An artist’s portrayal of a Warm Jupiter gas-giant planet in orbit around its parent star, along with smaller companion planets.

An artist’s portrayal of a Warm Jupiter gas-giant planet (right) in orbit around its parent star, along with smaller companion planets. Credit: Detlev Van Ravenswaay/Science Photo Library

After analyzing four years of Kepler space telescope observations, astronomers from the University of Toronto have given the clearest understanding yet of a class of exoplanets called “warm Jupiters,” showing that many have unexpected planetary companions.

The team’s analysis, published July 10 in the Astrophysical Journal, provides strong evidence of the existence of two distinct types of warm Jupiters, each with their own formation and dynamical history.

The two types include those that have companions and thus, likely formed where we find them today; and those with no companions that likely migrated to their current positions.

According to lead author Chelsea Huang, a Dunlap Fellow at University of Toronto's Dunlap Institute for Astronomy & Astrophysics, “Our findings suggest that a big fraction of warm Jupiters cannot have migrated to their current positions dynamically and that it would be a good idea to consider more seriously that they formed where we find them.”

An artist's impression shows Jupiter migrating in toward the sun and Earth.
Answering the question of whether warm Jupiters form close to their stars or migrate in will tell us more about the history of our own Jupiter and our solar system. Credit: NASA / ESA / STScI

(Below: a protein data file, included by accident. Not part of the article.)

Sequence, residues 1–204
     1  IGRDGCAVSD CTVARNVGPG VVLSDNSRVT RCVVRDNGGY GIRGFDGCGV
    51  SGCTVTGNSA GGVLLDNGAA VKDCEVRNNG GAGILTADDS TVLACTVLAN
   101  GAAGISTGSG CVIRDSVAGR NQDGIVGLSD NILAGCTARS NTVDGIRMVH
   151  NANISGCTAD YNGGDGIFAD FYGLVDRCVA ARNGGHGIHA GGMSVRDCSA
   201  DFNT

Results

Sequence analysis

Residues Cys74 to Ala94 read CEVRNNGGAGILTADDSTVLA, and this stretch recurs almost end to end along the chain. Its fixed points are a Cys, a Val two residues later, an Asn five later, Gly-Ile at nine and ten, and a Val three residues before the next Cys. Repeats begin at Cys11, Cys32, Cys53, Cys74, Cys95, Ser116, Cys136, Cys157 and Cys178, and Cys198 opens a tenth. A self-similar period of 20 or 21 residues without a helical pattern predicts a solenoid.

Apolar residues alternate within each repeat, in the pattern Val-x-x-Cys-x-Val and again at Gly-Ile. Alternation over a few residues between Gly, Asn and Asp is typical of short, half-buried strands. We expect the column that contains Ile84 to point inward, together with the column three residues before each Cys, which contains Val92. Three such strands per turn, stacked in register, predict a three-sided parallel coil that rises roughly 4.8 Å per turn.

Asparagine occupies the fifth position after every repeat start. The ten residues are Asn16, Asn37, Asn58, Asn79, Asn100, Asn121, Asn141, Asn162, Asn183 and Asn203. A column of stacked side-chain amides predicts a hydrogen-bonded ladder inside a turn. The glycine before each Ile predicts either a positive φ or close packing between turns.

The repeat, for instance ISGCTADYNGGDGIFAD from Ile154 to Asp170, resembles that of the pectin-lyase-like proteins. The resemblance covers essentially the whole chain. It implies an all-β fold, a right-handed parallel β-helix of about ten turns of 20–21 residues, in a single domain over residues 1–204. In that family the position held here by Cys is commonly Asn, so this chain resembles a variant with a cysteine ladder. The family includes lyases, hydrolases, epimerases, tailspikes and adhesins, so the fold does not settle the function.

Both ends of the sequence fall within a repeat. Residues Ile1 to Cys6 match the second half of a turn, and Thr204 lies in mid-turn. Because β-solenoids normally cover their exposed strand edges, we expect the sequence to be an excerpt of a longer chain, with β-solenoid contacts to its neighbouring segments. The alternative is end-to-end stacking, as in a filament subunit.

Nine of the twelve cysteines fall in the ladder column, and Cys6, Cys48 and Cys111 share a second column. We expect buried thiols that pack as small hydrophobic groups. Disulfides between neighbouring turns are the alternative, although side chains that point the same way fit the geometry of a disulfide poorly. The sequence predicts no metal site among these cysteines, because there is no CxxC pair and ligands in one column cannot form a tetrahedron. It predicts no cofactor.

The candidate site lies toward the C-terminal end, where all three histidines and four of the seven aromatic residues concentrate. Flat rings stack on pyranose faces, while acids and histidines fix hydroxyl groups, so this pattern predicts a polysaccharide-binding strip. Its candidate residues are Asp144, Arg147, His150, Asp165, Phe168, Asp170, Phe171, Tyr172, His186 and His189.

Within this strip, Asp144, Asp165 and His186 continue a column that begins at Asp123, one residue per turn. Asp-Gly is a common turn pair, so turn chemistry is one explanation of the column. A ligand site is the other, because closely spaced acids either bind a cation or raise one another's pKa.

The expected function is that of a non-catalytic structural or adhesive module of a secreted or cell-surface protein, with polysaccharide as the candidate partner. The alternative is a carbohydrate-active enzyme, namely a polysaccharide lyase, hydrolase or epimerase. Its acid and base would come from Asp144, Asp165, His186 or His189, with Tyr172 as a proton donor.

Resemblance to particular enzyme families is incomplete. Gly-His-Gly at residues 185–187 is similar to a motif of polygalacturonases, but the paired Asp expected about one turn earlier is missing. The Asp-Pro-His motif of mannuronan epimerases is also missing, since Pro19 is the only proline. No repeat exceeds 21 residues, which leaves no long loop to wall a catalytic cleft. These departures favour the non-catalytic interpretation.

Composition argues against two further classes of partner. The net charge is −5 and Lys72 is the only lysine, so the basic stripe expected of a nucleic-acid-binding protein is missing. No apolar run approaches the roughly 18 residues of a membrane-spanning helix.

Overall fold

Warm Jupiters are large, gas-giant exoplanets—planets found around stars other than the sun. They are comparable in size to the gas-giants in our solar system. But unlike the sun’s family of giant planets, warm Jupiters orbit their parent stars at roughly the same distance that Mercury, Venus and the Earth circle the Sun. They take 10 to two hundred days to complete a single orbit.

Because of their proximity to their parent stars, they are warmer than our system’s cold gas giants—though not as hot as hot Jupiters, which are typically closer to their parent stars than Mercury.

It has generally been thought that warm Jupiters didn’t form where we find them today; they are too close to their parent stars to have accumulated large, gas-giant-like atmospheres. So, it appeared likely that they formed in the outer reaches of their planetary systems and migrated inward to their current positions, and might in fact continue their inward journey to become hot Jupiters. On such a migration, the gravity of any warm Jupiter would have disturbed neighbouring or companion planets, ejecting them from the system.

But, instead of finding “lonely,” companion-less warm Jupiters, the team found that 11 of the 27 targets they studied have companions ranging in size from Earth-like to Neptune-like.

“And when we take into account that there is more analysis to come,” says Huang, “the number of warm Jupiters with smaller neighbours may be even higher. We may find that more than half have companions.”

NASA’s Ames Research Center in Moffett Field, California, manages the Kepler and K2 missions for NASA’s Science Mission Directorate. NASA’s Jet Propulsion Laboratory in Pasadena, California, managed Kepler mission development. Ball Aerospace & Technologies Corporation operates the flight system with support from the Laboratory for Atmospheric and Space Physics at the University of Colorado at Boulder.

To read the paper “Warm Jupiters are less lonely than hot Jupiters”, visit: